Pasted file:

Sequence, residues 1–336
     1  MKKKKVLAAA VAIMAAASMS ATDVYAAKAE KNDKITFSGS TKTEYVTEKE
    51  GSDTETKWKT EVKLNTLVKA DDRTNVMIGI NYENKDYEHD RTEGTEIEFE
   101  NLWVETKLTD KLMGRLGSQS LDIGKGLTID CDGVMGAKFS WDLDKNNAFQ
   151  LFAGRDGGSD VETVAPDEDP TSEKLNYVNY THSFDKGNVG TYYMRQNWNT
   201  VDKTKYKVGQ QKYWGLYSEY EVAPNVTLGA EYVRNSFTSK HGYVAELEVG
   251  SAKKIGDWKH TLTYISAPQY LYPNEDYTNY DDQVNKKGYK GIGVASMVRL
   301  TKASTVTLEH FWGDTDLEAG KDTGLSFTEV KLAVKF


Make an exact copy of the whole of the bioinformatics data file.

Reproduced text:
Sequence, residues 1–336
     1  MKKKKVLAAA VAIMAAASMS ATDVYAAKAE KNDKITFSGS TKTEYVTEKE
    51  GSDTETKWKT EVKLNTLVKA DDRTNVMIGI NYENKDYEHD RTEGTEIEFE
   101  NLWVETKLTD KLMGRLGSQS LDIGKGLTID CDGVMGAKFS WDLDKNNAFQ
   151  LFAGRDGGSD VETVAPDEDP TSEKLNYVNY THSFDKGNVG TYYMRQNWNT
   201  VDKTKYKVGQ QKYWGLYSEY EVAPNVTLGA EYVRNSFTSK HGYVAELEVG
   251  SAKKIGDWKH TLTYISAPQY LYPNEDYTNY DDQVNKKGYK GIGVASMVRL
   301  TKASTVTLEH FWGDTDLEAG KDTGLSFTEV KLAVKF